1. I. Introduction (15m)
  2. II. Health Reporting (40m)
  3. III. Health Storytelling (15m)

Health Guide / Evidence

Evidence Introduction

How do I find the “best” solution to any health problem?

This one’s easy. You don’t have to. It’s not your job to decide on the best way to reduce MRSA infection or encourage kidney donors. Experts don’t agree, so why should you know the answer?

It’s liberating to realize that your job is simply to write about people, places or institutions that are trying to fix things, using the same critical eye you’d apply to any other story on your beat.

You still need to use data and evidence, however, to decide whether a particular response to a problem is worth writing about. The test isn’t “is this the best solution?” but “is this a good story?”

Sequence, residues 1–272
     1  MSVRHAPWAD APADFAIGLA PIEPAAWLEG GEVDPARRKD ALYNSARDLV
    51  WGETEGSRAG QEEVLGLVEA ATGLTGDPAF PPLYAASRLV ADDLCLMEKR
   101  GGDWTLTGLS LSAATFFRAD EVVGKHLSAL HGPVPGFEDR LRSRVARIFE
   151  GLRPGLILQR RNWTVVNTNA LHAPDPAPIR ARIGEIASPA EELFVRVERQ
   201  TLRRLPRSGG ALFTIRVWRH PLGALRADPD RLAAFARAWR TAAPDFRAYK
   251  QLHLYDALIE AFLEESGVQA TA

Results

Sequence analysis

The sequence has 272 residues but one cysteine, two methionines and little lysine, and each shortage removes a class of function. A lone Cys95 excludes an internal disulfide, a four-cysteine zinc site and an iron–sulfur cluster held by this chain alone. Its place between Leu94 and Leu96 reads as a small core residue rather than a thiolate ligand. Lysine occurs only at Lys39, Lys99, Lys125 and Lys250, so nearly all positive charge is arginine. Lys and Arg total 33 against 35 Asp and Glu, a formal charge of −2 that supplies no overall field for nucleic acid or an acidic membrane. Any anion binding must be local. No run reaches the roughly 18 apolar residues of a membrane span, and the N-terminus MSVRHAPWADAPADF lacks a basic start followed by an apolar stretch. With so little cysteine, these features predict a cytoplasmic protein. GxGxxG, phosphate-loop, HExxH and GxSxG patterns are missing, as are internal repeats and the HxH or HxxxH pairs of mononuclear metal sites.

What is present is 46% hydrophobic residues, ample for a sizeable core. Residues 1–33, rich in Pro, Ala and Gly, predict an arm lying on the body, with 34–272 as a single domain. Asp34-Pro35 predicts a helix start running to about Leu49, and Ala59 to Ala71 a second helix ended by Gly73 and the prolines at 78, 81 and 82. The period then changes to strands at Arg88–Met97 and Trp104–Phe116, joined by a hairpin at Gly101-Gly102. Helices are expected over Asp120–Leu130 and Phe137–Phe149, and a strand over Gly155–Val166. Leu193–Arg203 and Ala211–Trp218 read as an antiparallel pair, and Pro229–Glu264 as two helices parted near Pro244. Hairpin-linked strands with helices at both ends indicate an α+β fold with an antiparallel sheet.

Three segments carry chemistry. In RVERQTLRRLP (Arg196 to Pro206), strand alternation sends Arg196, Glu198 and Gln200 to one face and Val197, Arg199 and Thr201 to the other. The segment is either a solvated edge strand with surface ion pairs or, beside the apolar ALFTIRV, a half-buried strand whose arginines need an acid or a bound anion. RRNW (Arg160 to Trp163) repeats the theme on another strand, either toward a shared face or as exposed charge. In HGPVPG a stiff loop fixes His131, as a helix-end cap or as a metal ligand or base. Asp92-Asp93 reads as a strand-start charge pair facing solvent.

What about something that’s really new? Fresh is great — but it often comes without much evidence. And programs with lots of clear and persuasive evidence are unlikely to be fresh.

But you can write about an intriguing new idea, even one that has no real evidence, as long as you are clear with the reader about what we know and what we don’t. If there’s not much evidence, you need to show in your story why it’s newsworthy enough to cover anyway.

Look at this story from the Alaska Dispatch News about “Minimum Mike,” a judge in Barrow who has organized his courtroom around the health problems faced by a good number of his defendants: Fetal Alcohol Spectrum Disorder. Is there any hard evidence that this approach works? Nope, just anecdotes. Is it a great story? Yes it is.


Story Annotation